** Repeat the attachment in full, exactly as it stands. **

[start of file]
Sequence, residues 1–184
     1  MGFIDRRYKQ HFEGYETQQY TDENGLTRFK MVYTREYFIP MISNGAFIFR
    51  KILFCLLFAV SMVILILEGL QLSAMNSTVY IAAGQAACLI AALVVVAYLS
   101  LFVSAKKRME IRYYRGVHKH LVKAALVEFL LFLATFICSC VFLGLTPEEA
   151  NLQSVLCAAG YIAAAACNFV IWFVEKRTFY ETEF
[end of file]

Sequence, residues 1–184
     1  MGFIDRRYKQ HFEGYETQQY TDENGLTRFK MVYTREYFIP MISNGAFIFR
    51  KILFCLLFAV SMVILILEGL QLSAMNSTVY IAAGQAACLI AALVVVAYLS
   101  LFVSAKKRME IRYYRGVHKH LVKAALVEFL LFLATFICSC VFLGLTPEEA
   151  NLQSVLCAAG YIAAAACNFV IWFVEKRTFY ETEF